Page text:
UK and EU clash over trade bloc's diplomatic status

Prime Minister Boris Johnson in Brussels, Belgium

Prime Minister Boris Johnson in Brussels, Belgium - Credit: PA

The UK and the EU have clashed over the status the trading bloc's ambassador in London should have.

The UK government is refusing to grant Joao Vale de Almeida full diplomatic status offered to other ambassadors.



The Foreign and Commonwealth Office is insisting he and his officials should not have privileges and immunities afforded to other diplomats under the Vienna Convention because the EU is not an official country.

This means de Almeida will not be able to present his credentials to the Queen.

Britain's decision puts it out of step with 142 other countries which have granted diplomatic immunity to EU delegations.


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Josep Borrell, the EU's High Representative for Foreign Affairs, has written to the foreign secretary Dominic Raab, to express his "serious concerns".

In his letter to Raab last November, seen by the BBC, Borrell says: "Your service have sent us a draft proposal for an establishment agreement about which we have serious concerns.

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"The arrangements offered do not reflect the specific character of the EU, nor do they respond to the future relationship between the EU and the UK as an important third country.

"It would not grant the customary privileges and immunities for the delegation and its staff. The proposals do not constitute a reasonable basis for reaching an agreement."

The EU argues it is not a typical international organisation - which Britain is seeking to recognise it as - because it had its own currency, judicial system, and power to make law.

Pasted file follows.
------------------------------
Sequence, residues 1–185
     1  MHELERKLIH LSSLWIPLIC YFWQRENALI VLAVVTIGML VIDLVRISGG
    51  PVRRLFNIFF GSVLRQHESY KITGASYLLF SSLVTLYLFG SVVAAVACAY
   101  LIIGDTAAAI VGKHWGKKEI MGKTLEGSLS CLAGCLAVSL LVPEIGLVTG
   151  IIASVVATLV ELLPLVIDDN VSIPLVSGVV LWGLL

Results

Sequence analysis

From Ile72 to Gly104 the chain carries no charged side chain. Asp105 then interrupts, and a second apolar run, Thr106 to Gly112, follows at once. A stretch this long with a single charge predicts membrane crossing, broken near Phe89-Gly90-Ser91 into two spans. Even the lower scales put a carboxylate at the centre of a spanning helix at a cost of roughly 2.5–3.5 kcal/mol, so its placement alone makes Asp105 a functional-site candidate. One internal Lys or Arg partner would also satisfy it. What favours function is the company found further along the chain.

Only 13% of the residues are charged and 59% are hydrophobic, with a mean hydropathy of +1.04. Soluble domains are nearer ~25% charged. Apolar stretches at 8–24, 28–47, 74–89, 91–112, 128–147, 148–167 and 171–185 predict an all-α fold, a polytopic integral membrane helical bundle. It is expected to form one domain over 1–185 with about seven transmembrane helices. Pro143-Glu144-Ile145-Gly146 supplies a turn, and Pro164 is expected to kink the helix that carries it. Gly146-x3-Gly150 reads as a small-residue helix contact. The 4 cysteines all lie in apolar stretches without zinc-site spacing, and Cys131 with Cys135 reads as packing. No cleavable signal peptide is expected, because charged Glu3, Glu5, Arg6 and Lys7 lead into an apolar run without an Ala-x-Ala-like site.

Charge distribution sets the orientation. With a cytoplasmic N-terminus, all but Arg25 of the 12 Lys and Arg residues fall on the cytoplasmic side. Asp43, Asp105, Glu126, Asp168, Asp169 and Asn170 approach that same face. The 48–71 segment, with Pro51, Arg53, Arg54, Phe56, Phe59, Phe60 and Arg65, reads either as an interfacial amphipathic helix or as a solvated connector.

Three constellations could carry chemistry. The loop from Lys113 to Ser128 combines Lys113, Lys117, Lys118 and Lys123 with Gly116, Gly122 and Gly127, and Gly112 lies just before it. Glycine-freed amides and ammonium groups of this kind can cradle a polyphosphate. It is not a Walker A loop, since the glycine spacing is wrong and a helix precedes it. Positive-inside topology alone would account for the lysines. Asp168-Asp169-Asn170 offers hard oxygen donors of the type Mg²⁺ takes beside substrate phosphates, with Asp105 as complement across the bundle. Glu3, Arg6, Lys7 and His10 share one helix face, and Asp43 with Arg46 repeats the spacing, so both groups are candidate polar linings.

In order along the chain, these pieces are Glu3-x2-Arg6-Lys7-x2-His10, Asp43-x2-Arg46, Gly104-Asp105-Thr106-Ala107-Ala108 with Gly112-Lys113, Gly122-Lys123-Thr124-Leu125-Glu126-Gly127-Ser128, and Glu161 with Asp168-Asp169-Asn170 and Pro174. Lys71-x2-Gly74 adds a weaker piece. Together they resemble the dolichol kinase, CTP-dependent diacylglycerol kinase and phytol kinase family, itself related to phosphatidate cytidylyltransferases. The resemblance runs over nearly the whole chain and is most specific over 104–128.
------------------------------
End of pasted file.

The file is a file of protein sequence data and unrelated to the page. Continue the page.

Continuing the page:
EU officials private accuse the Foreign Office of hypocrisy because when the EU's foreign service - known as the External Action Service - was set up in 2010 as a result of the Lisbon Treaty, the UK signed up to proposals that EU diplomats be granted the "privileges and immunities equivalent to those referred to in the Vienna Convention on Diplomatic Relations of 18 April 1961".

Others have branded the move as "petty". One EU source told the BBC: "It seems petty. This is not about privileges, it's about principle. What does it say about the UK, about how much the British signature is worth?"

A European Commission spokesman said: "The UK, as a signatory to the Lisbon Treaty, is well aware of the EU's status in external relations, and was cognisant and supportive of this status while it was a member of the EU.

"The EU has 143 delegations, equivalent to diplomatic missions, around the world. Without exception, all host states have accepted to grant these delegations and their staff a status equivalent to that of diplomatic missions of states under the Vienna Convention on Diplomatic Relations, and the UK is well aware of this fact."

He added: "Nothing has changed since the UK's exit from the European Union to justify any change in stance on the UK's part.

"The EU's status in external relations and its subsequent diplomatic status is amply recognised by countries and international organisations around the world, and we expect the United Kingdom to treat the EU Delegation accordingly and without delay."

A Foreign Office spokesperson said: "Engagement continues with the EU on the long-term arrangements for the EU delegation to the UK. While discussions are still ongoing, it would not be appropriate for us to speculate on the detail of an eventual agreement."

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